Graham John (Dombrovskyi Ivan Gratsianovych, 1881 - 1961)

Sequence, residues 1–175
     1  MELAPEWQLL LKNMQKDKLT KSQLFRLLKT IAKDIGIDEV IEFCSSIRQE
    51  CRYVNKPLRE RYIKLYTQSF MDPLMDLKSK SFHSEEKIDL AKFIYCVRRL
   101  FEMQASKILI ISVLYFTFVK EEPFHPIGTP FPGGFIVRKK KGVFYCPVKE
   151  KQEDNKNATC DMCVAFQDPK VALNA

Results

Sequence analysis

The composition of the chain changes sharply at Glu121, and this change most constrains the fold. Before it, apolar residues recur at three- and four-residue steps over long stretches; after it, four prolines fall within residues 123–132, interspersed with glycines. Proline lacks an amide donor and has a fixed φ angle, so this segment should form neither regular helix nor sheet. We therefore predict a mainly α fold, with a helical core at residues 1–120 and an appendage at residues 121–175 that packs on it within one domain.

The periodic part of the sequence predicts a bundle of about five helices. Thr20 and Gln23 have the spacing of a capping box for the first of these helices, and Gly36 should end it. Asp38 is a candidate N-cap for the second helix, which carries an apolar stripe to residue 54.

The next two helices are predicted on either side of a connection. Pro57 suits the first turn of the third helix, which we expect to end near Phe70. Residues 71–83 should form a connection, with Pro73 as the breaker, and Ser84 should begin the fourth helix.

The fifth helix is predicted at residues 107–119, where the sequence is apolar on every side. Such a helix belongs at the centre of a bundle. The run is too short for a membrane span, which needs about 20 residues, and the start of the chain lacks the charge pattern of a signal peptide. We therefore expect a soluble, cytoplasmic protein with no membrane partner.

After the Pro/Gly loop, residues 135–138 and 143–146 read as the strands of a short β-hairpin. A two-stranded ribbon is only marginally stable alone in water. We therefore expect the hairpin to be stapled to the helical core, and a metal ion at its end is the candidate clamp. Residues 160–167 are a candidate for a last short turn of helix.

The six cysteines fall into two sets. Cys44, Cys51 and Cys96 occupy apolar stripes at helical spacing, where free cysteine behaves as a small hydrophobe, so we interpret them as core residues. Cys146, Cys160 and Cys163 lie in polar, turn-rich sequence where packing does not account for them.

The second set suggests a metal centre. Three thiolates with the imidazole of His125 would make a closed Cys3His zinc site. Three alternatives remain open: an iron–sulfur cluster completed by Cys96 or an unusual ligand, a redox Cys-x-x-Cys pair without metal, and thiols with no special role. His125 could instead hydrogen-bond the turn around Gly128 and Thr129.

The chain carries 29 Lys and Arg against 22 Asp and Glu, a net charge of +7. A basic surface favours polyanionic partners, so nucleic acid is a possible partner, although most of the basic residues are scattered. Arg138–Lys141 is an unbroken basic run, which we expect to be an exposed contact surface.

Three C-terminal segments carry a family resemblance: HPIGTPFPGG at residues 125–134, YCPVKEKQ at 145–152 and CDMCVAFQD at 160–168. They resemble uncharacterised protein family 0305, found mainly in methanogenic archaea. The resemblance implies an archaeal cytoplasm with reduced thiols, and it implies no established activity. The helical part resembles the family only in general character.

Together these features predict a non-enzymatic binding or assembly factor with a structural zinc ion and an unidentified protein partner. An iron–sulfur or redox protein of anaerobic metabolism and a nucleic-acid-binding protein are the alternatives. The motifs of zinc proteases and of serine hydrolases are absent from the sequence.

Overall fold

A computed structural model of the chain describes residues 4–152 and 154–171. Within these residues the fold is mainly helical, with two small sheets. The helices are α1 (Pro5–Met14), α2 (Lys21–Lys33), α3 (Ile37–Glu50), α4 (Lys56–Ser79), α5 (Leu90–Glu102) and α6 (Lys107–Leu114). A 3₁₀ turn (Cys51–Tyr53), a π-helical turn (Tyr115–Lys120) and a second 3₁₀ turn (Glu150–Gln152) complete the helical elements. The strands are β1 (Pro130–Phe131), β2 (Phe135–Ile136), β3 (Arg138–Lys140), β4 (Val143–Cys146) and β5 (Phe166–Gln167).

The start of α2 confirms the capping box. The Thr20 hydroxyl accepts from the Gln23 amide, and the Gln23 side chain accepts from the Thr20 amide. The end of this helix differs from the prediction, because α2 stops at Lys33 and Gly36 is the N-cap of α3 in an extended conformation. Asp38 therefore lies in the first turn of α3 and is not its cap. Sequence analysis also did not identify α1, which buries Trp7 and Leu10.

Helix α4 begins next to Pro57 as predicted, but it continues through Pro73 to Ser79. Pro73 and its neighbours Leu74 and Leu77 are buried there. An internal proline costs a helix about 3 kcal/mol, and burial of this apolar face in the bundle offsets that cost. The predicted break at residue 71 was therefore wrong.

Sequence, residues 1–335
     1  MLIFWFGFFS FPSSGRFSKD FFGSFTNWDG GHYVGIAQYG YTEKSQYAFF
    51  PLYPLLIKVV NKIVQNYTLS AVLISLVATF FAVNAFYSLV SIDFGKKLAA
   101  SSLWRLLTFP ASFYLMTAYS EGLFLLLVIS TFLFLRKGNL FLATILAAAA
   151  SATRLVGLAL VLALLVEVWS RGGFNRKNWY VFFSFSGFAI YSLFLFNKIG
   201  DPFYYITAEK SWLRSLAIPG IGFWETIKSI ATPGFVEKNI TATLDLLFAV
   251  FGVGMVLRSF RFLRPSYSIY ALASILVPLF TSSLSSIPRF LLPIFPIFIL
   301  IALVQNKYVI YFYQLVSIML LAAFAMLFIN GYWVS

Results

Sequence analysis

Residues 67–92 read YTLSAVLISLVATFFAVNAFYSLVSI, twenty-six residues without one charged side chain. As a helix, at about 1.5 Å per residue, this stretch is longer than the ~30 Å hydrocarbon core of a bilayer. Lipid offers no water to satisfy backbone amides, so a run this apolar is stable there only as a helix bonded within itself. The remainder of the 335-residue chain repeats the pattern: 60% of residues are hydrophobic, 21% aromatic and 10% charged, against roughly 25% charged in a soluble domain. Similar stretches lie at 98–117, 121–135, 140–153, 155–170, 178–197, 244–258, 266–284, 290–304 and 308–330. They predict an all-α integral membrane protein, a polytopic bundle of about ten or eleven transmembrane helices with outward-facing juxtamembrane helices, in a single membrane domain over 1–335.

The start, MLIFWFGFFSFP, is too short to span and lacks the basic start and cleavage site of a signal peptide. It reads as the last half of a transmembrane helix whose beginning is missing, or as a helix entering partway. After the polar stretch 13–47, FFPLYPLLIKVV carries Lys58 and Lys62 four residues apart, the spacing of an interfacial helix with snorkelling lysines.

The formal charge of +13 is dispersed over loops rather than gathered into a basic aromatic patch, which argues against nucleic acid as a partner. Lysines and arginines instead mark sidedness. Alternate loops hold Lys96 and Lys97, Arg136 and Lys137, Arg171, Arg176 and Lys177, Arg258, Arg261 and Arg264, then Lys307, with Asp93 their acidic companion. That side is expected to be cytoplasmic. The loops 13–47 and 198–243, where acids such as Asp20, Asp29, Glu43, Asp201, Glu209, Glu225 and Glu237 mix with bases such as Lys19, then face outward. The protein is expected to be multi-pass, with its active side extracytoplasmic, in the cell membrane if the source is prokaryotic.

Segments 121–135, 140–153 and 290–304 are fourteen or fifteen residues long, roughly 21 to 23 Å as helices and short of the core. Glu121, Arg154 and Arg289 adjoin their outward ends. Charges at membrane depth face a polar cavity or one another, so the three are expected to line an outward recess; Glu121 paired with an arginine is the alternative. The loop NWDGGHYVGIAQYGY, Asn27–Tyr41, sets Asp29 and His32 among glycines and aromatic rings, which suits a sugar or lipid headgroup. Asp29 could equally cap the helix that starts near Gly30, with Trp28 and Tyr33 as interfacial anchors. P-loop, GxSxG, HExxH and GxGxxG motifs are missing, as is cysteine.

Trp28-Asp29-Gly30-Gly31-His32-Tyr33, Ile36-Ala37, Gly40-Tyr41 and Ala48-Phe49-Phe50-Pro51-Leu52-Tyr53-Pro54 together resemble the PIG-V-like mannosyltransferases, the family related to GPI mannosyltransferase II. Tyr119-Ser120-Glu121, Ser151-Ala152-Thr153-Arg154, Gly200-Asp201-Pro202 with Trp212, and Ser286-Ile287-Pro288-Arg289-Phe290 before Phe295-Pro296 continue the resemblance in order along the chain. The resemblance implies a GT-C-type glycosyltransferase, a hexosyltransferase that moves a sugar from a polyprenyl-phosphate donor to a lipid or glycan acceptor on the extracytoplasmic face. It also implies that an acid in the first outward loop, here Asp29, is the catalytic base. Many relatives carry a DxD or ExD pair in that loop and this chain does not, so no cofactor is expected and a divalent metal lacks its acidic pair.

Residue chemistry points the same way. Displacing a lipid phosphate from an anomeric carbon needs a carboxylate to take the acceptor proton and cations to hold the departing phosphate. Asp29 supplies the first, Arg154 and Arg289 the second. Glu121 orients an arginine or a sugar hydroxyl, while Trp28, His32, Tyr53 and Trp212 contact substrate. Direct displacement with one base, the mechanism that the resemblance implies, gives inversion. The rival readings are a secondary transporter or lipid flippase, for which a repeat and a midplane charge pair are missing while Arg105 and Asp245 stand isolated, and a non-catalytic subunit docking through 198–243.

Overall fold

An American modernist painter of Russian origin. Born in Kyiv. He graduated from the Imperial Lyceum, and the Law Faculty of Kyiv University (1911). In the 1910Хs he lived in Moscow, was fond of modern painting and met with M. Larionov, D. Burlyuk and V. Mayakovskyi. During 1914 - 1917 he fought in the Archangel Michael Cavalry Brigade and was awarded the three George Crosses. During the civil war in 1918 he was arrested for his counterrevolutionary activities and sentenced to death, but was released by order of F. Dzerzhinsky. In 1920 emigrated to Paris, and in 1921 moved to New York. In 1927 became an American citizen and changed his name to John Graham. He studied at "Student Art League" (in the class of the well-known realist D. Sloan), where he met with the sculptor and painter O. Calder and B. Newman. At the end of the 1920Хs he became one of the founders of the abstract-expressionist movement in the American painting, was a member of D. ReedХs Club, of the Society " The Ten" (New York) and "Friends of Art" (Baltimore). In 1925 moved to Baltimore, where he joined the group of artists-modernists. In the later years he collaborated with the New York avant-garde artists, and acted not only as an artist but as an impresario as well. Thus, in 1942 he organized the exhibition "French and American abstract art", where the works of P. Picasso, G. Braque and H. Matisse were exhibited along with the paintings of young American artists. His solo exhibitions were held in Baltimore (1926), Paris (1928, 1930), New York (1929, 1931, 1941, 1945, 1954). He participated in the exhibition of Russian art in Wilmington (1932) and the exhibition "Abstract Art of America" in New York (1935). Author of theoretical articles, lectures on modernism in art and the book "The System and the Dialectics in Art." The works are represented in the Metropolitan Museum, the Museum of Modern Art and the Whitney Museum of American Art in New York. A large collection of his works is stored in the Philips Memorial Gallery in Washington.